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Does Minimalist Style Make Us Invisible?

By Andrea Pflaumer August 22, 2023 Beauty

Recently, there has been a lot of buzz about minimalist fashion. At its core, it can be described as a Classic, unadorned, neutral-colored, or solid-colored, wardrobe made up of high-quality interchangeable pieces and little to no “logo” accessories. I advocate for having a lot of these kind of pieces in your closet. There is a lot to be said for such a wardrobe.

But I think the problem is that the whole concept got co-opted when celebrities wanted to prove that they were not conspicuous consumers. They didn’t want to appear too flashy. So instead, they started wearing these minimalist type pieces from extremely expensive sites like The Row, Khaite, and Celine that are easily identifiable as extremely expensive pieces from The Row, Khaite, and Celine.

Next, younger fashion influencers jumped on the bandwagon. They called the style “Old money” chic. And as day followed night, a torrent of faceless online critics began vigorously and somewhat viciously panning these Classic style “wanna-bes” and disparaging the whole concept.

Maybe a lot of this trend is fueled by a belief that color, print, and jewelry is somehow slightly vulgar or is harming the planet by using toxic dyes and other natural resources. And maybe the minimalist critics felt they were at risk of losing their individuality.

But the notion that dressing to be visible is somehow contributing to our collective demise throws the entire love of adornment – which has been a feature of human life since we were cave dwellers – out the window. It feels like a guilt-trip, frankly. There’s a difference between conscious consumerism and guilt.

Still, for us women over 60, 70, and beyond, can minimalist fashion actually hold something valuable? Or do we simply disappear behind all that tan, beige, and gray?

There Is Minimalism… And Then There Is a Minimalist Mindset

Minimalist style refers specifically to what is considered a Classic type of wardrobe. It’s defined by the parameters mentioned above: simple, neutral, or solid-colored, high-quality interchangeable pieces. It’s actually a very elegant and striking look for a lot of older women. It can demonstrate good taste and refinement. Those aren’t bad qualities for anyone. And they can help you to stand out on their own.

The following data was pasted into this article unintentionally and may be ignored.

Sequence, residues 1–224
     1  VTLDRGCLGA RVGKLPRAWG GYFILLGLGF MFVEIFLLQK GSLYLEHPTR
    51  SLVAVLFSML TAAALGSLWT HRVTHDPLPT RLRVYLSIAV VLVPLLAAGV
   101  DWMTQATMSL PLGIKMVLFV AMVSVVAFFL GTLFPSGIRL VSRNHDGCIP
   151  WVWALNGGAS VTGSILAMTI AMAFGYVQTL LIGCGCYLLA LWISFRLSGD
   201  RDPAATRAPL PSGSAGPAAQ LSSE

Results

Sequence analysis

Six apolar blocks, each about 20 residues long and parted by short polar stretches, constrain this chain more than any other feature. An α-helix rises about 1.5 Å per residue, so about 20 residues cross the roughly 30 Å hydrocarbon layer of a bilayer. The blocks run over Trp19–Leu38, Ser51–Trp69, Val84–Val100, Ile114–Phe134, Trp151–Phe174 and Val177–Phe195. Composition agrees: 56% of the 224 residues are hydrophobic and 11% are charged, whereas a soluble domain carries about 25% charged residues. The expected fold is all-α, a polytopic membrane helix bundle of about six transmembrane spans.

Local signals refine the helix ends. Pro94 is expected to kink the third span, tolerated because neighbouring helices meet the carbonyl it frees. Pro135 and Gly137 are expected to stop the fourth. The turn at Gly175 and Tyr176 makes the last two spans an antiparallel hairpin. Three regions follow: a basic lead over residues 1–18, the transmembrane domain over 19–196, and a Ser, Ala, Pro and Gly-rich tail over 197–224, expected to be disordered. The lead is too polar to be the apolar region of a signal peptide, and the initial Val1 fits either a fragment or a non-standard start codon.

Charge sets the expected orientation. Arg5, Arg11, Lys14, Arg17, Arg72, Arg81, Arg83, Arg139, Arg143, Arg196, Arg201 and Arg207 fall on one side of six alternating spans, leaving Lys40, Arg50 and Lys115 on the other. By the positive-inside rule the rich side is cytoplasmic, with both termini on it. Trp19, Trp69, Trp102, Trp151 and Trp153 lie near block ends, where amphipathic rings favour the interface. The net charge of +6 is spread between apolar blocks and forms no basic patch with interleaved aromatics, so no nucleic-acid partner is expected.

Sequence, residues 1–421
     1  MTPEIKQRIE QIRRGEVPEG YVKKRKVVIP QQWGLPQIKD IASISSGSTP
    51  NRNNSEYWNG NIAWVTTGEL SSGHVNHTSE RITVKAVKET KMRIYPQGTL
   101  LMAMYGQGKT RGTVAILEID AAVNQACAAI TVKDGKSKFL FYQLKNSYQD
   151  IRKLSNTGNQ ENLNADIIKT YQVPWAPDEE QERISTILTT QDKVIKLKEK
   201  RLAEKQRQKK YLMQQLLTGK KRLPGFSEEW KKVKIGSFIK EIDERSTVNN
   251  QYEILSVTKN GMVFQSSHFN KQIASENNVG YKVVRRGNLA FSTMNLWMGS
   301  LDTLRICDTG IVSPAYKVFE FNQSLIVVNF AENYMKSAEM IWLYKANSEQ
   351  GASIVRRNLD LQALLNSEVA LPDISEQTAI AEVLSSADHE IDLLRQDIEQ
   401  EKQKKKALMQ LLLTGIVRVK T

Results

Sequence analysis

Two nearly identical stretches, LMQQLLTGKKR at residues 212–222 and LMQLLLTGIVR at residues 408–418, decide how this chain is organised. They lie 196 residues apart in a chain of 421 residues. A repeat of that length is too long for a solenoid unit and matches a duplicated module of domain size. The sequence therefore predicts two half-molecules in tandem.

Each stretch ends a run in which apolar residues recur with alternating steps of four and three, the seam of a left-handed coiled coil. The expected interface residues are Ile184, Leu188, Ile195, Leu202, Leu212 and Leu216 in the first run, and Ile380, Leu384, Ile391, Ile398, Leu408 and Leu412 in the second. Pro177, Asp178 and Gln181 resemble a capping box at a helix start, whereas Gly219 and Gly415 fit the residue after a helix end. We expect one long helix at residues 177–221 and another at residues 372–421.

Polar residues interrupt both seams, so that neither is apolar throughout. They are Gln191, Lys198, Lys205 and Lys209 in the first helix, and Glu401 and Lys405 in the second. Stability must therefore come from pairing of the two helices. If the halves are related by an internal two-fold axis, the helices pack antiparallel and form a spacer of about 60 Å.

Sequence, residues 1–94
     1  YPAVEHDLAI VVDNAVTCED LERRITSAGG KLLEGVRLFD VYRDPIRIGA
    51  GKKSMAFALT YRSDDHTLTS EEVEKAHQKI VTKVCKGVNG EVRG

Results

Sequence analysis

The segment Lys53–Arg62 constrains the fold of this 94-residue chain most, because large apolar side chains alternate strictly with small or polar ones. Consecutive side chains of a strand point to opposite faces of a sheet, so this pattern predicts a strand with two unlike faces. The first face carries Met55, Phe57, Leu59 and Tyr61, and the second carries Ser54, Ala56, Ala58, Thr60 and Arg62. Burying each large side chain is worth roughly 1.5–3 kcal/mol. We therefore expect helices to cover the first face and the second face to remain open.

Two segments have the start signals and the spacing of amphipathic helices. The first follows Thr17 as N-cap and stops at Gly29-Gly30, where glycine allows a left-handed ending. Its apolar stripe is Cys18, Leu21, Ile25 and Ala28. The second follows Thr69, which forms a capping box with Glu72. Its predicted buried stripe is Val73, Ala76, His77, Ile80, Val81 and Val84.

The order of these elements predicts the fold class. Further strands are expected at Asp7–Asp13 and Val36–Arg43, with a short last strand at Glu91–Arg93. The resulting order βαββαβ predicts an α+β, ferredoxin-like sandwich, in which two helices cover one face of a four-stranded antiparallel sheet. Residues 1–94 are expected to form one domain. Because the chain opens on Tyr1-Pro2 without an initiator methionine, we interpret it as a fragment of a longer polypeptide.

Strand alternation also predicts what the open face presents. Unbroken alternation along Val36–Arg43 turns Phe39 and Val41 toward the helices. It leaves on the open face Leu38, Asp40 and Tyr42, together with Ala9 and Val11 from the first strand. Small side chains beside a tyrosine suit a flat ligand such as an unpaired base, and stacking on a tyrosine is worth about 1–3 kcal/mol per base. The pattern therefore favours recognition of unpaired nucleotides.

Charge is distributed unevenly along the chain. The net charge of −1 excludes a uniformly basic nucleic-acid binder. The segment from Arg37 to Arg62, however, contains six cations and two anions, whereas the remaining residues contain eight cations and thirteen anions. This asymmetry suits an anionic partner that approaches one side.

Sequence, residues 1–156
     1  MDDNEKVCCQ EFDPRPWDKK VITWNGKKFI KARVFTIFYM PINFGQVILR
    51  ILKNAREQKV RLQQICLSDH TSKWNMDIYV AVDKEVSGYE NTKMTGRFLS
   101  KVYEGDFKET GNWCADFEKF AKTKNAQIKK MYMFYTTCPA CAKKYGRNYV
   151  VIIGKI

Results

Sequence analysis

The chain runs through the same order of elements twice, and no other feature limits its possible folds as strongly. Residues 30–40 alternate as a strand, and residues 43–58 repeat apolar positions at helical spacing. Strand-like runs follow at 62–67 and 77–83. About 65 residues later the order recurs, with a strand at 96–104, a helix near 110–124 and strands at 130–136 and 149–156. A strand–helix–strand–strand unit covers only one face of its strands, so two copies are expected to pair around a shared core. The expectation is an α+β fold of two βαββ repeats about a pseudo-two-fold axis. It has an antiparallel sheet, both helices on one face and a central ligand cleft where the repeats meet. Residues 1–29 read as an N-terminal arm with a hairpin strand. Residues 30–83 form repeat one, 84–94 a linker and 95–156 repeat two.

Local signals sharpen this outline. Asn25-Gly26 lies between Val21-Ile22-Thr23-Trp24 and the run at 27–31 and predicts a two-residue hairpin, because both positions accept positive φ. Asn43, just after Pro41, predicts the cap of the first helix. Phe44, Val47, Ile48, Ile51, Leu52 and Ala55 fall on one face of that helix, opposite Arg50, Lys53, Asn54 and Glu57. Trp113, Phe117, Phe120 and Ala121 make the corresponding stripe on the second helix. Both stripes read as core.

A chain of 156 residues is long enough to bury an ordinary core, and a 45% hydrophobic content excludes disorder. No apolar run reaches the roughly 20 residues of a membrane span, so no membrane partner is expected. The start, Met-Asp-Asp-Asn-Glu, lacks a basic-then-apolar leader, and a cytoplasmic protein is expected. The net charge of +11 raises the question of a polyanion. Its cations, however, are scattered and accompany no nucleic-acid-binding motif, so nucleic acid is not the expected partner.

But Minimalism as a concept can refer to the sheer number of items in your closet. Embracing minimalism means that your closet isn’t stuffed to the gills with clothing items you rarely wear, or that held some sentimental meaning for you 10 (or 20) years ago but are terribly dated now.

Embracing minimalism can mean that your clothes speak to who you are, intrinsically, and that you wear them on repeat because they are beautiful. You don’t need a lot of unusual or showy pieces. It can demonstrate that you are not trend driven.

Maintaining this mindset when it comes to what you wear is a healthy way of simplifying your life and freeing your mind from clutter. Too much of anything can complicate life. And our closets are very revealing about how complicated our lives might be.

Can These Ideas Co-Exist?

The answer is, of course!! I’ve been beating the drum about simple, classic, well-made basics as the foundation of just about any wardrobe for a long time now. That certainly doesn’t mean you have to throw out your love of color, print, or accessories.

But the reality is that as we age fewer of us want to be seen as wildly flamboyant or flashy. You have to have a pretty bold personality to carry that off after 70 or risk looking slightly foolish.

If you are attracted to the idea of having fewer and better things that withstand the test of time, and a wardrobe that uncomplicates your life, minimalism might be a good fit for you. It just requires being a little more strategic about how you organize your closet and express your unique style. You will start seeing the value of purchasing better quality items because you will want them to last a long time.

How Minimalism Can Work for You

The main draw of a minimalist wardrobe is that it is a very practical and workable wardrobe. It’s practical because it saves you a lot of time figuring out what to wear. The fewer the items, the fewer the decisions. Workability comes from seeing that just about everything goes well with everything else in your closet.

And it can help you remind you that you don’t need to keep buying the same types of things on impulse. (We tend to do this when we have so many clothes that we’ve forgotten we already own the very same or similar new item that we are attracted to.)

Ann Taylor Double Breasted Suit